Figs on the Euphrates – elders on the Neckar: the path of Hamza Salama

By Meike Bischoff, February 2020

The sturdy young man appears to fill the doorframe, he smiles awkwardly, his legs cannot hide a certain restlessness. Dark eyes look attentively from the oval face with its shock of black hair. His face awakens associations with times past – Harun al-Rashid – Euphrates and Tigris – enchanting tones ascending …

Hamza has been a pupil at the Uhlandshöhe Waldorf School for three years. His tutor, Douglas Kennedy, asked me to support him in the preparations for the university entrance exams in the subject of German. Hamza is Syrian. Actually we are Iraqis, he says. A great flood of the Euphrates washed away his grandfather’s land. He, his father’s father, left the land and moved across the border to the south. He, Hamza, tends to speak an Iraqi dialect but the extended family is a veritable orchestra of different tonal colours of Arabic. I am astonished by the linguistic awareness of such a young person. “We are one world, we are brothers,” I hear him say, “Iraqis or Syrians, it’s not important.” Political boundaries are meaningless for language, Despite all conflicts, they do not adversely affect the basic feeling of shared identity. The Koran and the power of its language support this.

In the Salama family the twins Hamza and Omar are the youngest. One of the three older daughters lives with her family in the Kurdish area and speaks Kurdish, that is an Indoeuropean, not Arabic language. Of the five sons, the second oldest is a civil engineer. He works for the UN in Damascus where we was arrested one night. For months his parents tried to find out where he had been taken, without success. Escaping from his prison and torture, he fled to his parents. He never spoke about the torment of months of incarceration in a tiny cell. For a long time he continued to sleep huddled up in a ball.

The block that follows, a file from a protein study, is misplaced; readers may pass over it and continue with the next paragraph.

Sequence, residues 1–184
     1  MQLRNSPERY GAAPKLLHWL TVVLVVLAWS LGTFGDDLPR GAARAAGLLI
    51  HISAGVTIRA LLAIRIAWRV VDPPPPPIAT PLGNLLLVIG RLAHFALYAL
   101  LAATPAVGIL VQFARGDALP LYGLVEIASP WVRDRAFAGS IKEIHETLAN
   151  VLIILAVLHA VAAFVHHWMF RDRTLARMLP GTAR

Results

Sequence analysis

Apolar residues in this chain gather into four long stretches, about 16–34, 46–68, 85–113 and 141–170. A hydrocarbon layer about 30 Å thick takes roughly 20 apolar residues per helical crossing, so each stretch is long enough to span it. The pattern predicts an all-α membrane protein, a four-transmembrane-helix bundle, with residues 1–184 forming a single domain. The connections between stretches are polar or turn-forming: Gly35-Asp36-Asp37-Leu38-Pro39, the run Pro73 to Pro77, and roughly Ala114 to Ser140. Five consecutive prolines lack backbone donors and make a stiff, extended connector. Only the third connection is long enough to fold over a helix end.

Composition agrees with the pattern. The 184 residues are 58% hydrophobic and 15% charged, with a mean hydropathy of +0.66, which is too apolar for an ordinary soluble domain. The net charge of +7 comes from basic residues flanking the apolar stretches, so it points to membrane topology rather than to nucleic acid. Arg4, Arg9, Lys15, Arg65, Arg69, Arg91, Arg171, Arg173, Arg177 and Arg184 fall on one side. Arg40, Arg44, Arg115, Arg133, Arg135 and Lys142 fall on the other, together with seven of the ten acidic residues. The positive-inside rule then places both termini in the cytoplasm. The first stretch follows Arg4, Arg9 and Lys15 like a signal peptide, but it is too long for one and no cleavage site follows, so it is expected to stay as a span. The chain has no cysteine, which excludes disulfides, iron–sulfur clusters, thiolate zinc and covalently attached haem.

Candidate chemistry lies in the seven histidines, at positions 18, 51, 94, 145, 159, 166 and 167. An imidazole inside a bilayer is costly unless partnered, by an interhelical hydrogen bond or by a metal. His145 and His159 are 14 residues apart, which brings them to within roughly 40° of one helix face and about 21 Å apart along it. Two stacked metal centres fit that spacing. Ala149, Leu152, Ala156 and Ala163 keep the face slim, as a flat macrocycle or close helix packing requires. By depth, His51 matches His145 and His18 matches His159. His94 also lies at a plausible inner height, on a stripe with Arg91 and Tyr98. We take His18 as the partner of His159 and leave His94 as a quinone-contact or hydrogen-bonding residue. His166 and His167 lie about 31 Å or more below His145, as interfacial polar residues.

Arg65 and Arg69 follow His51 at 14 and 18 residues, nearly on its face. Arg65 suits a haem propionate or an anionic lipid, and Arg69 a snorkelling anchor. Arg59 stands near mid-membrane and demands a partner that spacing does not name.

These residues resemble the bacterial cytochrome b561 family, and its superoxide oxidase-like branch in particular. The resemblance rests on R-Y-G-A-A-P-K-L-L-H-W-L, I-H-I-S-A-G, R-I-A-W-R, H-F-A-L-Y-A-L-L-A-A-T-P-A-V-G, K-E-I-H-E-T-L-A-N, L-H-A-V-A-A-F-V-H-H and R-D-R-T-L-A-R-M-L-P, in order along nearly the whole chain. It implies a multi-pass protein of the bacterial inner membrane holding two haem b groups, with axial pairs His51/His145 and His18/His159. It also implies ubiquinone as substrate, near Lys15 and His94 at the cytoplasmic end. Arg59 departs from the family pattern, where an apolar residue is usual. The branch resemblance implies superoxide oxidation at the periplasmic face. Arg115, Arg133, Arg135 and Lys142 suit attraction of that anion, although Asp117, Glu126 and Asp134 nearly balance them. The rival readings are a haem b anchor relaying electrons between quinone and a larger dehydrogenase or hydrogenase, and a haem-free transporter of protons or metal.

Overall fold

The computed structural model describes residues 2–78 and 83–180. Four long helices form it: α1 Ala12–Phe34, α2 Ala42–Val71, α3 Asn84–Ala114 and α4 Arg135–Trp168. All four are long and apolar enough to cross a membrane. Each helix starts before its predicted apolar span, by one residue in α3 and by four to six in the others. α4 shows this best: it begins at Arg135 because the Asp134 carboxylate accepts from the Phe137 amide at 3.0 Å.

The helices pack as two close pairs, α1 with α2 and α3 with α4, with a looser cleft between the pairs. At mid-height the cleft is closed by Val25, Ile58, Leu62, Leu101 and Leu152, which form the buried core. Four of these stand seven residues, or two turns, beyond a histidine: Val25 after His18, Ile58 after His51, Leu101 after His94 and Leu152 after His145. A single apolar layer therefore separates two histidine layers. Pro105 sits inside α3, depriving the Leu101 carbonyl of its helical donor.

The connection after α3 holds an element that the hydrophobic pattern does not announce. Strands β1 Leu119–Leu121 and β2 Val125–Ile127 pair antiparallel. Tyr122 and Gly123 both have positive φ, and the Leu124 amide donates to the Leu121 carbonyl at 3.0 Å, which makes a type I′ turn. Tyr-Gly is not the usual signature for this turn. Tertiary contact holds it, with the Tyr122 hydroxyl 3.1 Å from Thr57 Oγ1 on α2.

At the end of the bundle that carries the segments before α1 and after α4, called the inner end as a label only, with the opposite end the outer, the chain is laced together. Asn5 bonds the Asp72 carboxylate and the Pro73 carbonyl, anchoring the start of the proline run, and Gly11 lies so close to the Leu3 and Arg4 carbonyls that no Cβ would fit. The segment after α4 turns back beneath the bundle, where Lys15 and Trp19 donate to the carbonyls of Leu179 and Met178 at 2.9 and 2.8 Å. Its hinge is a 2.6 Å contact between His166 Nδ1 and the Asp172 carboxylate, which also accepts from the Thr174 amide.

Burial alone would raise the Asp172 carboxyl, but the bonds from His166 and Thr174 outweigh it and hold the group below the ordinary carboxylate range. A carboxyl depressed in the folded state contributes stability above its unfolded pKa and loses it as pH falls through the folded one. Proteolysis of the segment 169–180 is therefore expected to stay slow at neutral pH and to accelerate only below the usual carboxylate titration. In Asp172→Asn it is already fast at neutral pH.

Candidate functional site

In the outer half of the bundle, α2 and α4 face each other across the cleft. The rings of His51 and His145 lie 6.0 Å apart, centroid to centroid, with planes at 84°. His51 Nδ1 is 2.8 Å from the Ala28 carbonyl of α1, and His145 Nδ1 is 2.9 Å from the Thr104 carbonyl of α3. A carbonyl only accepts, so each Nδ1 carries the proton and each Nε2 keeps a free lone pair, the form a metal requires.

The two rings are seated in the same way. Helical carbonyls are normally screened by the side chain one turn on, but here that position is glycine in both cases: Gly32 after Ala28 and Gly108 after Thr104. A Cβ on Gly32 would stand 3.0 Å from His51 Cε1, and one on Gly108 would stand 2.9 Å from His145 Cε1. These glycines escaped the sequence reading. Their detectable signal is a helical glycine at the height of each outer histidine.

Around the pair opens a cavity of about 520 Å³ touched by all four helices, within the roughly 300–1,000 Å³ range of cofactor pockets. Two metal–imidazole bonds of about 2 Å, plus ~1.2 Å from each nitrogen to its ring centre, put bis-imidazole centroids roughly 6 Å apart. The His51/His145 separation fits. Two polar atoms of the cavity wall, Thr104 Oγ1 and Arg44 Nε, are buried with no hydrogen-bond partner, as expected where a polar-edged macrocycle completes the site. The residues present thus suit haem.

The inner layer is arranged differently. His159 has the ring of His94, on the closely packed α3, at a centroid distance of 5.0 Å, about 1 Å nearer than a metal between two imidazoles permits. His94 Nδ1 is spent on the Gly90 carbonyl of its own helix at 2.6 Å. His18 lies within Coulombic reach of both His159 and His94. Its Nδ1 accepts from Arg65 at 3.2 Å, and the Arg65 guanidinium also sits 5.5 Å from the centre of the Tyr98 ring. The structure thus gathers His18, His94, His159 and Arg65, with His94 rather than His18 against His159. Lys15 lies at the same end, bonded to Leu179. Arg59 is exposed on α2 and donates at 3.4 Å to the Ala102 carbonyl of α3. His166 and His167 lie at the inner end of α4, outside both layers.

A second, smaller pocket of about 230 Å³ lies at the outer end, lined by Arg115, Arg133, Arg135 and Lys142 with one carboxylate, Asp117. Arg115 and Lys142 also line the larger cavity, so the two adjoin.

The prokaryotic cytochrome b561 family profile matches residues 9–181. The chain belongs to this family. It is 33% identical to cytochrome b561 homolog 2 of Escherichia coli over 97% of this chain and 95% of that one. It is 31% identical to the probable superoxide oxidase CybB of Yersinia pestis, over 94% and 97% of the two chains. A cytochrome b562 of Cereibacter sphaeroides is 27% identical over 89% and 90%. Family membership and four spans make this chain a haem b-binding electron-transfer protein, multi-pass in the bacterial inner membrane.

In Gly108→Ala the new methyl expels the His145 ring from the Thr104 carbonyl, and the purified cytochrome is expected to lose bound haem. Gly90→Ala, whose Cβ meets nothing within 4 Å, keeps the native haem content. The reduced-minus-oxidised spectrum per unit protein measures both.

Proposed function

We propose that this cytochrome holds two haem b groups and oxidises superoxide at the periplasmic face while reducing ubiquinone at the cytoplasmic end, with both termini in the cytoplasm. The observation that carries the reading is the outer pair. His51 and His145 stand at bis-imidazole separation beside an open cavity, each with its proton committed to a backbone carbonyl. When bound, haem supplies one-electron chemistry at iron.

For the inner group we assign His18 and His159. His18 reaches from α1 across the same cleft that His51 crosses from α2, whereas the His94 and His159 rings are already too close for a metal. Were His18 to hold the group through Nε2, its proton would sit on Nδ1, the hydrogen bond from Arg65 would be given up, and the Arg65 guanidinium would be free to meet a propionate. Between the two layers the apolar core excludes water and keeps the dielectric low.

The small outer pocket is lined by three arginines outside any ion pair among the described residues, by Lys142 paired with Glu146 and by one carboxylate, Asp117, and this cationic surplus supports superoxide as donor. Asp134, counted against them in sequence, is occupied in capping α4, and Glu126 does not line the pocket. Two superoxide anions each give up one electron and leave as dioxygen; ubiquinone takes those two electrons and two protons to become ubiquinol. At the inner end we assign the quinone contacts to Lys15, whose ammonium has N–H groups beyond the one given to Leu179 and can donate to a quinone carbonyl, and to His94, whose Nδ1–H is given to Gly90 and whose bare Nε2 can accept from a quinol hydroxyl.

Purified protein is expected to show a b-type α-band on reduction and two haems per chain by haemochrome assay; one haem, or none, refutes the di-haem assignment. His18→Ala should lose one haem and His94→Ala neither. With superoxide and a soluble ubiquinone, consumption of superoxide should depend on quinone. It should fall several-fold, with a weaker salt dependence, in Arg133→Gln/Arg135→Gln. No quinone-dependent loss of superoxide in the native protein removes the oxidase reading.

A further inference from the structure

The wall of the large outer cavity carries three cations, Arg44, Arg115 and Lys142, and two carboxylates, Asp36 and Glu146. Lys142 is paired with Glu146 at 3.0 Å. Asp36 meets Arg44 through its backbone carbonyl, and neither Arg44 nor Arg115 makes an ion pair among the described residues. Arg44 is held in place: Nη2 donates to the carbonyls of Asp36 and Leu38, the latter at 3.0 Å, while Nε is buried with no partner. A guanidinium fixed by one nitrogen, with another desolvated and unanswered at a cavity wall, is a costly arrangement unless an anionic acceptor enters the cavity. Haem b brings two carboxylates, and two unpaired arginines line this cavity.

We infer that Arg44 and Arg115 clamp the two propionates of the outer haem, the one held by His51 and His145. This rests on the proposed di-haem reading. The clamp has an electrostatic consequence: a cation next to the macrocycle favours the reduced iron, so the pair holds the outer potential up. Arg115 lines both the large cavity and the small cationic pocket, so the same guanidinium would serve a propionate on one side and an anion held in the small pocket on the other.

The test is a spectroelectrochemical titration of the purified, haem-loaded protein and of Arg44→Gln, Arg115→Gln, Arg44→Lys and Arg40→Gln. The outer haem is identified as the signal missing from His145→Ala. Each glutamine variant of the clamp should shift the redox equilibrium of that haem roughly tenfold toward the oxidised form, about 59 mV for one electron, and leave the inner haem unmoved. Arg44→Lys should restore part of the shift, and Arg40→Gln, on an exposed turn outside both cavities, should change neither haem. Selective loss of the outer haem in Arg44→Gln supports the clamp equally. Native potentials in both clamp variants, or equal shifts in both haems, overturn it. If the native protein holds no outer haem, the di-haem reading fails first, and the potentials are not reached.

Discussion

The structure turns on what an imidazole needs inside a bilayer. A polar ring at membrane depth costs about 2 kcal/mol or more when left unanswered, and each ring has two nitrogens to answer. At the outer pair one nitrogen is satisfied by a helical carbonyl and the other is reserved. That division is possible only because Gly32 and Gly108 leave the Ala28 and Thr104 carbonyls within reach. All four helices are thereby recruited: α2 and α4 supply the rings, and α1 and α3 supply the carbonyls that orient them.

His parents had already fled from IS twice and lived in Albsera. This village, too, fell into the hands of IS. The schools were closed and the sixteen-year-old twins, who were close to taking their final school exams, were threatened with military service. A clear signal for the father: “There is no future for you here.” He sold land to enable his sons to flee. Their goal wasn’t Germany, no, it was Stuttgart! That was the advice from a cousin who had already lived for many years in Berlin.

From Syria to Stuttgart